Giorgio envisions the future of Il Marco Polo to continue to be a media outlet that accounts for and fosters the living history of the Italian community in Vancouver and throughout British Columbia. He states, I want to do more in the community. I want to add to the story. I want to grow, I want to support the Il Marco team to grow and the Italian community and Italo-Canadian business to thrive. My intention is to have the best Italian newspaper in North America.
Giorgio relays that he is grateful to have a strong team to research, write and deliver the weekly news. He values the people, who are working with him and they have become like family to him.
I asked Giorgio where his entrepreneurial spirit emerges from. He shared the story about his Nonno Marino, who was a skilled Italian shoemaker. He feels that his Nonno’s craft lives on in his own desire and pride in creating something that comes from his own hands. Giorgio states, personally, I was very happy being an engineer, but I am more satisfied working for myself and being able to share my craft with so many people.
Giorgio is very proud of Italian culture and he states, I love everything that relates to Italy, the food, wine, opera, art, culture. I can feel it. It is in my blood. Even, when you die, the culture stays with you.
When I asked Giorgio what is important to him in life, he instantly responded that his family is very important to him. He also values the importance of education and encourages his son, Luca and daughter, Luana, to follow this path. He feels strongly that education is like a shelf that you can always reach for ideas from and help to carve your path in life with. He also believes in the importance of being sincere, honest, and friendly. Giorgio stated that, it is so important to be happy for one another and especially for the Italian community to stay together and support one another.
I asked Giorgio what his friends would say about him, he replied, they would say I am a nice guy, who is funny and a little bit crazy. Giorgio likes to work and stay busy, sometimes too much. But, he always makes time for people and he cares for his family and the Italian community very much.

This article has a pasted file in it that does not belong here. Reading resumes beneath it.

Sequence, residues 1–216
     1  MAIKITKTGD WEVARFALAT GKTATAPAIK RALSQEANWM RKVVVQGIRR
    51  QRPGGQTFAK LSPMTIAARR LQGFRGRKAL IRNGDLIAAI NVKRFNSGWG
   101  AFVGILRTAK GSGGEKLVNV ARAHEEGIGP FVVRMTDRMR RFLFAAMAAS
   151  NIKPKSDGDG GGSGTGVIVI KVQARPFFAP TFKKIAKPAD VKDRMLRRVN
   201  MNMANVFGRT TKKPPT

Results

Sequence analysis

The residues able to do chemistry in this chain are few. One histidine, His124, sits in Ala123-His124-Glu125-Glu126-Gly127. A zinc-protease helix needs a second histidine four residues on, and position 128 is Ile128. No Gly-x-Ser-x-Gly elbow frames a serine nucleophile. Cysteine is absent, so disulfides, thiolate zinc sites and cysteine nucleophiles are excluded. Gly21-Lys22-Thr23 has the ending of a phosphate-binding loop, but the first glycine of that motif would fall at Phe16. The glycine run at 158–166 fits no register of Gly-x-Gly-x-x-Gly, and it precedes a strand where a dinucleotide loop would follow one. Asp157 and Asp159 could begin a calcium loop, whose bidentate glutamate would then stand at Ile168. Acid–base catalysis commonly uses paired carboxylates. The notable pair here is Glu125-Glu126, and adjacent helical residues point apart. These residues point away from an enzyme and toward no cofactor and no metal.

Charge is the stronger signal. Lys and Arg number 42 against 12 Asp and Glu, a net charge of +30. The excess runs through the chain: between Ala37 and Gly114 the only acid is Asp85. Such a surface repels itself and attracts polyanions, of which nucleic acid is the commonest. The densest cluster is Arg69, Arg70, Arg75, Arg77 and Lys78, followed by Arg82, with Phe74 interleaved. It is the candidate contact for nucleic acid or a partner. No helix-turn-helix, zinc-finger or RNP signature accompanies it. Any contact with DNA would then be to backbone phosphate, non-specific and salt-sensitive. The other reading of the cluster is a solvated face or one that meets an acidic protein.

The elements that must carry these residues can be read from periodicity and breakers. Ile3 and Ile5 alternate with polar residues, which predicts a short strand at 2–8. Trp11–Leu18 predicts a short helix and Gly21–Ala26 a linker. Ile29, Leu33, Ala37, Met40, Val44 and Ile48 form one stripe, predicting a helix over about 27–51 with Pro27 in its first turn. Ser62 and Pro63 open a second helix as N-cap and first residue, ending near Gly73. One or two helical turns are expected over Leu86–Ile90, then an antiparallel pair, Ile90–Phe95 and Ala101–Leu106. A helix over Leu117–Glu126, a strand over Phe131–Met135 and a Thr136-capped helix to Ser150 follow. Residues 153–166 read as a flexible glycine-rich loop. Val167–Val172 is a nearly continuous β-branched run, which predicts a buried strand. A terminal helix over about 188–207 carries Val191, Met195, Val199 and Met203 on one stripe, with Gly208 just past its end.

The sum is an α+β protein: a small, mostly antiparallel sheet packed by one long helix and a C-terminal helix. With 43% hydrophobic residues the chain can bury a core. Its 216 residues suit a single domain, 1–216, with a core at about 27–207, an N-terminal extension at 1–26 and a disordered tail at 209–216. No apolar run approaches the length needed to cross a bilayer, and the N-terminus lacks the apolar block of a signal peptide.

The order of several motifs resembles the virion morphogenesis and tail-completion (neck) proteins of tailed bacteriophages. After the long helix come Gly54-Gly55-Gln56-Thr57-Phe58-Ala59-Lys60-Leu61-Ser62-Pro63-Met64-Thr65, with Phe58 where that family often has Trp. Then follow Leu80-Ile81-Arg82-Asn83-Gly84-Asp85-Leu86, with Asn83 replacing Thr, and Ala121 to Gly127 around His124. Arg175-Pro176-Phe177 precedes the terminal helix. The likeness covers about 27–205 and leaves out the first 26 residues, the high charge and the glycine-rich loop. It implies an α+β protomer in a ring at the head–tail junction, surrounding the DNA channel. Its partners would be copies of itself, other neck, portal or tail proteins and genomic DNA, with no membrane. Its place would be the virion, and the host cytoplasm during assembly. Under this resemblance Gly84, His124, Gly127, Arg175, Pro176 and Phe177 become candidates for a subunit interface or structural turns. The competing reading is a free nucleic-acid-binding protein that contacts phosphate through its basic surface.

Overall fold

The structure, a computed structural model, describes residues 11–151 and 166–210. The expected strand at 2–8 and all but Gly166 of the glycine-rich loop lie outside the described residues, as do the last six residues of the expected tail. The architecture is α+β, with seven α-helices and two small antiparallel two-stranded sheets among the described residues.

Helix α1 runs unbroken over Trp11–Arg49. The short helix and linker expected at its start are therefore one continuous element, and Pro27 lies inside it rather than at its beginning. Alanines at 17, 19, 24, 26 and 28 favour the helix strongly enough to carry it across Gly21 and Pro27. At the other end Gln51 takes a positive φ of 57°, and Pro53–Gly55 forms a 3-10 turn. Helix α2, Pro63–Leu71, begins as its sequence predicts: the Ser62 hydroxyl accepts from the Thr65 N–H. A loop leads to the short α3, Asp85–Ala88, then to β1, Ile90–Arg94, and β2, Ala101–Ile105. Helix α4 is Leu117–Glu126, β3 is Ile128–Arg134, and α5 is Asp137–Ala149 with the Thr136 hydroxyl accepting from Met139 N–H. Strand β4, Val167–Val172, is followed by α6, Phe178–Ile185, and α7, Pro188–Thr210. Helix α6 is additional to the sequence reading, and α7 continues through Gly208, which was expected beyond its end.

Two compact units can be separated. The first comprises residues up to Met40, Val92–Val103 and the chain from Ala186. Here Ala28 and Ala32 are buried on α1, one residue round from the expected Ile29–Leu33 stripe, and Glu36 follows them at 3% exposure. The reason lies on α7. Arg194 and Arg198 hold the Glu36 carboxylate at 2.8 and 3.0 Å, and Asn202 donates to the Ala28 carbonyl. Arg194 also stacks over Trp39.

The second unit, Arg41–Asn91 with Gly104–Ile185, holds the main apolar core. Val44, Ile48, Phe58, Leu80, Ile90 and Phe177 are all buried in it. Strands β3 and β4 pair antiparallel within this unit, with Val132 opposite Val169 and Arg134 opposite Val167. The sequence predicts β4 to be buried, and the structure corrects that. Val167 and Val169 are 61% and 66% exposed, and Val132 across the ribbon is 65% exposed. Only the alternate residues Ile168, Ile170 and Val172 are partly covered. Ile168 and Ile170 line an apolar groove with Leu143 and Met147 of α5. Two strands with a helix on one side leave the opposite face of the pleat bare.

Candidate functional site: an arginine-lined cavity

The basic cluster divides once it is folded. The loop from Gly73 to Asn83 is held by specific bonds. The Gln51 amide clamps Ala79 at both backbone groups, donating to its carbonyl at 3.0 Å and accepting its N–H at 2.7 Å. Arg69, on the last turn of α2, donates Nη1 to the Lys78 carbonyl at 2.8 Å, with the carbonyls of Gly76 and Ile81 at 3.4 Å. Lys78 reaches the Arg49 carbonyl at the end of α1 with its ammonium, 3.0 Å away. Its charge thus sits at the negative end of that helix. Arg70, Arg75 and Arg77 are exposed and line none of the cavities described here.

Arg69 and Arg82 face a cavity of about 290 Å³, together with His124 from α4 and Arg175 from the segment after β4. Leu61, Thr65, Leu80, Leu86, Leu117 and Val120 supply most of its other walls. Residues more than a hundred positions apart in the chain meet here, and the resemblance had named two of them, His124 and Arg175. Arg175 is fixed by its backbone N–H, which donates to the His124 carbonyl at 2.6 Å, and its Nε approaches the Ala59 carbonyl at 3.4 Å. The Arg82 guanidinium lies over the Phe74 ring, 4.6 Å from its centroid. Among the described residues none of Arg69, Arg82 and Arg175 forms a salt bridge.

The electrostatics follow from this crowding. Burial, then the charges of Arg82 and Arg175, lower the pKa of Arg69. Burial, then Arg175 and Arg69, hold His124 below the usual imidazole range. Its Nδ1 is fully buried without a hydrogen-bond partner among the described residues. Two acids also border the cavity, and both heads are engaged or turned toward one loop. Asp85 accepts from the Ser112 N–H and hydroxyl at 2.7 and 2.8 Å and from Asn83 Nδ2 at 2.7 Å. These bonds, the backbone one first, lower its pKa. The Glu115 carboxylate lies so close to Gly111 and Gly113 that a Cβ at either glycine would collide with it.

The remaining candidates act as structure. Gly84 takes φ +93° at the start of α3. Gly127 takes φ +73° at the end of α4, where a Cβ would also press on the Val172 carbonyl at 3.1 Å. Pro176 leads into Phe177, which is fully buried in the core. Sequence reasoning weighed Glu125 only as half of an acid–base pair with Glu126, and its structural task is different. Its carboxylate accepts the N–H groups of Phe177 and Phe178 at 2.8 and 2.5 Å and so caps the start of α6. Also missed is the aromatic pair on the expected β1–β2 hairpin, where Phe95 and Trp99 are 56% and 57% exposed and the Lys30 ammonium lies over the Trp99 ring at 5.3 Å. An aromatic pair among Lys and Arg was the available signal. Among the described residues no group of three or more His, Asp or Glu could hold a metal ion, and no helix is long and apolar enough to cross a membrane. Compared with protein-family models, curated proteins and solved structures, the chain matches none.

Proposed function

I then asked him how he would describe himself, and he said, I am a bit stubborn and have high standards for my work. It doesn’t matter how many hours I need to spend, I want the paper to be crafted with detail and perfection. I am focused and passionate about work and life.
I have a feeling that there is much more to learn about Giorgio Moretti. Also, there will be more projects to come. He mentions that he is currently working on an exciting community partnership that will require collaboration within the Italian community and across the generations to reach a broader audience.
As we finished our interview, I asked him what he feels was the key for him to work through the early challenges of getting the Il Marco Polo to where it is now. He closed our conversation with a serious, but thoughtful look and stated, it has taken perseverance and time. One of the biggest lessons I have learned through this is even if people tell you it is hard, just keep going.
Trust yourself, build a good team, value the people who you are working with and believe in your dream.
But, most importantly, believe in your faith in God.